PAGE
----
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Stressed food security continues in northern and central Senegal

  • Remote Monitoring Report
  • Senegal
  • September 2014
Stressed food security continues in northern and central Senegal

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  • Key Messages
  • Projected Outlook through December 2014
  • Key Messages
    • Normal to below normal rains forecast from September to October will not be sufficient to eliminate rainfall deficits that are threatening to result in a below-average cereal harvest, after more than a two-week delay in the development of crops.

    • The first harvests expected at the end of September will put an end to the lean season later than normal for poor agropastoral households. Harvests in October and staple food price decreases between October and January will allow pour households to face Minimal (IPC Phase 1) acute food insecurity.

    • The early exhaustion of household stocks and the decrease in agricultural revenue currently affecting poor households will result in an early start to the lean season in affected areas in 2015.

    ZONE

    CURRENT ANOMALIES

    PROJECTED ANOMALIES

    National

    Poor temporal distribution of rainfall is disrupting farming activities and making it necessary to replant many crops in the central and northern reaches of the country, particularly in the St Louis, Louga, and Thiès regions.

    The expected below-average rainfall activity between September and October will fail to create the necessary water conditions for proper crop growth and development in severe drought-stricken areas.

    The protracted lean season in farming areas as a result of the extremely limited and localized availability of fresh green crops is sustaining a higher than usual demand for market supplies of foodstuffs for this time of year which, in turn, is keeping prices high.

    The availability of fallback foods (maize, edible groundnuts, and cowpeas) by the end of September, though below-average, will improve household food access and mark the end of the lean season.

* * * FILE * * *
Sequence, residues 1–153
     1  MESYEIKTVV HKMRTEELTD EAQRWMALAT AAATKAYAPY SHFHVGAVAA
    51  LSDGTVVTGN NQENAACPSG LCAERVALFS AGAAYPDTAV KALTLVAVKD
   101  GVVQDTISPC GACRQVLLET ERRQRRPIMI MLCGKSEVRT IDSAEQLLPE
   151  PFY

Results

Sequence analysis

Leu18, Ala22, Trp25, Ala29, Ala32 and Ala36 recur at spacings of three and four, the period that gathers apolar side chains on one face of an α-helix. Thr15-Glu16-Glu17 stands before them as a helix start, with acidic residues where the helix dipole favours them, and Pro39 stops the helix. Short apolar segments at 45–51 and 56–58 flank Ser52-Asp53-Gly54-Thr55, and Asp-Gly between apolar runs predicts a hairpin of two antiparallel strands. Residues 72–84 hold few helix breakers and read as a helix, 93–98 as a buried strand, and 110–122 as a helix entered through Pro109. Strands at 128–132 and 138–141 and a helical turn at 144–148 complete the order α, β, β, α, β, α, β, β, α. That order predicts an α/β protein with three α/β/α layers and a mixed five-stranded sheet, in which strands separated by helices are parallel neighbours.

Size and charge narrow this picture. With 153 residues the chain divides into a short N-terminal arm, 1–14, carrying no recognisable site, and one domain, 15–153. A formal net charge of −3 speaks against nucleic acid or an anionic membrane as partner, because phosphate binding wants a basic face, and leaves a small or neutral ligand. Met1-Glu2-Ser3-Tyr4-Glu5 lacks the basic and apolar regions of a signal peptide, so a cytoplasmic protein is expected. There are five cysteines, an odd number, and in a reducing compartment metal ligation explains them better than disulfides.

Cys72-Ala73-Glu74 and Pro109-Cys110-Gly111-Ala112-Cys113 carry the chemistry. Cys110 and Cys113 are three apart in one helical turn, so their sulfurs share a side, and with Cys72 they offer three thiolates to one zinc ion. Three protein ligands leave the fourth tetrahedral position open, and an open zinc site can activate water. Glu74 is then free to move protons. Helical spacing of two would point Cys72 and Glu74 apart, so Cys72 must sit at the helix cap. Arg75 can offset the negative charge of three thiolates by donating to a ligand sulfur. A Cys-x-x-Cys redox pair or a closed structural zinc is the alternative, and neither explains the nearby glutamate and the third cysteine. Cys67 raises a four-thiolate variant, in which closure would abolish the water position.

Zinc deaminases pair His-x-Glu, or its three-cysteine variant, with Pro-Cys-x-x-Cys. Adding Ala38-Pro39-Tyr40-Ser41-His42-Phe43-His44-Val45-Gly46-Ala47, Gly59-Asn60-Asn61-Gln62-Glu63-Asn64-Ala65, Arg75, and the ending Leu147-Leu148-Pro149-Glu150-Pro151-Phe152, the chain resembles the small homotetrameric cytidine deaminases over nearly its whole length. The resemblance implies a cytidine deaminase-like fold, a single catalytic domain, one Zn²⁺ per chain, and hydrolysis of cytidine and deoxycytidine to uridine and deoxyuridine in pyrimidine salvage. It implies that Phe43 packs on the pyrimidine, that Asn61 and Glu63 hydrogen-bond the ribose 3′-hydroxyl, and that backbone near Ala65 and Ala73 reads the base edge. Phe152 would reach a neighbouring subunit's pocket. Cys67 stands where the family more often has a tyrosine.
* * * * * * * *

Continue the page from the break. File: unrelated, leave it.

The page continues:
There are ongoing distributions of seeds for short-cycle cereals, pulses, and cassava by the government designed to mitigate the negative effects of the poor rainfall conditions on crop production.

    The use of these seeds will mitigate the adverse effects of the late start-of-season in areas where conditions have allowed for them to be planted. October harvests of these crops will provide farmers with food and income.


    Projected Outlook through December 2014

    Rainfall deficits continue to disrupt normal crop growth and development, particularly in the central and northern reaches of the country. An examination of cumulative rainfall totals for the period from May 1st through September 10th shows slight to severe rainfall deficits in the northern half of the country and about-average to above-average levels of rainfall in the southeastern reaches of the country (Figure 1). Continued crop planting activities beyond the usual planting period explains the lag of at least a month in the growth and development of cereals and pulses, resulting in a more limited than usual availability of less preferred foods (maize, groundnuts, and cowpeas) for this time of year. The interest in government-subsidized short-cycle sorghum, cowpea, and sesame seeds is helping to mitigate the negative effects of the poor rainfall conditions on the food security situation. The expected average to below-average rainfall activity between September and October based on weather forecasts by the ACMAD will make it impossible to offset the existing water deficit to allow for continued crop growth and development.